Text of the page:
Chaos and confusion stumped PLANET’s plans in 2020, so the Sydney outfit bunkered down at home in the city’s inner‑west and wrote Information Overload, their debut full-length offering due out in March.
As standalone tracks, Information Overload has it all – without, no pun intended, overloading the listener. From the jagged pull of the acoustic guitar that breaks the can open in ‘Lost My Honesty’, to the depth of doubt that guides the narrative of ‘Ship Won’t Change’ – right the way over to a melancholic refrain as PLANET observe the state of modern life in ‘Resign’ – the band rolled with the punches and ended up with one hell of a prize. As the first chapter in what’s shaping up to be a truly illustrious career, Information Overload is a rich, warm, whiskey-soaked dream of a release, flooded with some carefully tended-to guitar work
Set to feature on the album are previously released songs ‘Ship Won’t Change’, ‘Resign’ and ‘Aching Dream’. These boast ‘90s Britpop-come-all-Aussie-indie vibes, static sonic power and a melancholic, yet melodic lull – all of which complement the uniquely euphoric songs that allow Information Overload to become something bigger than the sum of its parts.
What was it like making this record as a sort of clandestine, undercover operation?
It was a good vibe! At first it felt a bit sketchy, but my mate who works there was just like, “Yeah, just sign in like you’re a student and roll in.” That was when COVID first really hit, so no-one was actually coming into the studio at all. We had the whole room to ourselves, pretty much, with this massive SSL desk worth half a million dollars or something. And we just rolled in, did all our guitars and bass there, did all the grand piano there... And it was just such a nice room to be in. But yeah, we had to be sneaky about it. You can’t really be sneakily when you’re bringing in a 12-inch Music Man amp in a flight-case, but we got it done somehow!
So you were using all this incredible analogue equipment, tracking through real amps and all that – do you reckon that had a major impact on how the record sounds, as opposed to how you’d planned to record it?
Yeah, definitely. Most of it would have actually been recorded in this room. I’m in my home studio in Redfern at the moment – I have a pretty simple setup, but enough to make it sound cool. That studio was just like the ‘next step’ sort of thing, actually going through good, proper channels. It makes such a difference. And just being in the environment as well, it felt so easy. Sometimes when you go to studios, you’d be like, “Oh shit, what’s the time? How much is this costing?” But just sitting in that room, not really thinking about the clock too much, it was pretty refreshing. There was no-one going, “Oh, we have to rush this,” so we just tried different things out and had fun.
Were all the demos made in your home studio?
Yeah. Tom [Peppit, guitars] and I are like the main writers, but because of the restrictions around COVID, we couldn’t actually meet up. We had to send songs to each other over Google Drive, which was a first for us, because we’re normally always in the room together. But it worked out in a way, because we could do stuff in our own time and not really feel like, “Oh, maybe I won’t do this because we’re trying to write this song together.” Both of us could just do random stuff, and it sort of came together a bit better.
What was it like working with Adrian Bushby from half the world away, too?
Yeah, that was a strange one. It was just lots of Zooming and Google Driving. He’s one of those guys who would write all his notes down on a piece of paper – he doesn’t type much stuff at all. So we rolled in with all our little demos and be like, “Hey, we’ve got these notes for you,” and he was like, “Oh, yeah, I’ve got mine too.” We would copy and paste them in the chat, and then he’d just hold up a piece of paper [laughs]. It was a cool vibe – he’s just a really nice guy, a bit more old-school, and had lots of cool things to say. He helped us evolve a lot of our songs, which was cool. It’s really nice to have a second opinion from such a prolific sound engineer.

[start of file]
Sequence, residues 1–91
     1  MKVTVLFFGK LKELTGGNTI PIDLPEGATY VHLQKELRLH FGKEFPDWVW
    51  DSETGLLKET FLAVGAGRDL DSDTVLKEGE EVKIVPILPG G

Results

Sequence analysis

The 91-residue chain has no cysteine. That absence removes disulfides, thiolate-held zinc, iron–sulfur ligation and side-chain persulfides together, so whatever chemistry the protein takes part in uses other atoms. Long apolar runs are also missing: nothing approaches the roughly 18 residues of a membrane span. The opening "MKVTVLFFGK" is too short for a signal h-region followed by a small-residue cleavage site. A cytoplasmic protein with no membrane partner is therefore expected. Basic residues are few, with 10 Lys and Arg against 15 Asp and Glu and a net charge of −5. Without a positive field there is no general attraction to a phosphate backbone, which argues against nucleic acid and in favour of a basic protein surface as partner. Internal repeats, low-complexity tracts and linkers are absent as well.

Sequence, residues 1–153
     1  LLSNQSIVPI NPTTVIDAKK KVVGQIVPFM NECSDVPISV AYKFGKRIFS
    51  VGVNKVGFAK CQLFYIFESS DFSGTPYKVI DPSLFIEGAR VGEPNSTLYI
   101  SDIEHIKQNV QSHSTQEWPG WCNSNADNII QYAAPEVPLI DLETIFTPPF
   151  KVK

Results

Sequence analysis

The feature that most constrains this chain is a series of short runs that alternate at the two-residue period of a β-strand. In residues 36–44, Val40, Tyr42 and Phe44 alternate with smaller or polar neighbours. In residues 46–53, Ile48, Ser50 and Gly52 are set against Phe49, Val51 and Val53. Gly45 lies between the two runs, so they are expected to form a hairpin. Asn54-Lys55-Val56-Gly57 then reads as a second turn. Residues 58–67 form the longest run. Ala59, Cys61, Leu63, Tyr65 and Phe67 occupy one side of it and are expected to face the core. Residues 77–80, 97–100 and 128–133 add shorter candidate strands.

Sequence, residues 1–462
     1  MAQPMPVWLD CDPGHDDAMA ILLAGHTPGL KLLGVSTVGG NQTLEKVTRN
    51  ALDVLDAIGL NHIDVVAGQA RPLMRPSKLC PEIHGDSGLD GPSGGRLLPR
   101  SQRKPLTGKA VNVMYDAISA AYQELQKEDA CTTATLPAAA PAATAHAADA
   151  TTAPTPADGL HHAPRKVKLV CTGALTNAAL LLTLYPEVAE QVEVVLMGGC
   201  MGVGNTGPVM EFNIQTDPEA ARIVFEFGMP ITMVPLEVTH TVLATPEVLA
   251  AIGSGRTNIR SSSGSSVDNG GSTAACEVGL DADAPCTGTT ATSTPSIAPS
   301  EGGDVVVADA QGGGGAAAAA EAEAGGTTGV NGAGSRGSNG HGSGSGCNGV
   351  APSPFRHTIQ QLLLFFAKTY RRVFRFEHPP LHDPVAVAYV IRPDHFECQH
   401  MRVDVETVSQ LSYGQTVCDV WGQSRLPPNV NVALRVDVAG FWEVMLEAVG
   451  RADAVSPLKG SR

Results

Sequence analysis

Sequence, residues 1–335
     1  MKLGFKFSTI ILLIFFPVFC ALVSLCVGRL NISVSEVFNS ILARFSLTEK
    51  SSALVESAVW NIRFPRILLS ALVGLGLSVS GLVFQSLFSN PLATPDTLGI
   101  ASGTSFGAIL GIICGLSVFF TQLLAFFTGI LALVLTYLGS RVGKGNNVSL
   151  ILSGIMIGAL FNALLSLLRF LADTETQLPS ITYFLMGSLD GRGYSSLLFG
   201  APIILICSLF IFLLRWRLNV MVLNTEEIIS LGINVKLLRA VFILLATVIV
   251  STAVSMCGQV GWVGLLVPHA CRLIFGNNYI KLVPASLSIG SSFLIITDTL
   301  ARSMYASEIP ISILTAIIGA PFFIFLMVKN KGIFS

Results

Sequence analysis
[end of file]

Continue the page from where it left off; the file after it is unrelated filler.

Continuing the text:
Did the process feel as stinted as it sounds like it would be? To make Information Overload as intimate and interactive as it sounds, it feels like you’d have to really push through the limitations of technology.
Yeah, definitely, that was a tricky thing. It was a lot harder than if you just went, “Okay, I’m going to book a studio for three weeks, we’ll do it all here and smash it all out together.” It was a bit more finicky, definitely – mainly because we were recording it all ourselves. But having that control also made it a bit less stressful – like I was saying, not thinking about the time, just trying out random shit and not really giving a f*** about anything, it was a lot more fun and refreshing.
So what’s the creative dynamic like between you and Tom as guitarists?
It’s just us constantly sending ideas back and forth. Tom really loves just banging out these massive choruses in Logic. He sends me these 40-second clips that are just like, “Bam!” They’re straight-up in-your-face, which I love, and that’s how evolve from a small idea into a big chorus. Whereas I like to send voice memos of myself just acoustic guitar, with the whole song done already. I might chuck on a riff or a synth part on, but it’s normally pretty straightforward. I do it a bit more acoustically, he does a bit more electrically. But it definitely works, and it’s cool.
Especially these last two years, sending everything digitally, having our own spaces and being able to sit back and really think about [our parts], rather than have to be in the same room with each other and have to jam everything out in the same way. Even though I love doing it that way, it’s sort of refreshing, not having to bounce off each other. It’s a lot cooler, I feel, being in your own head – because writing a song can be such a personal thing.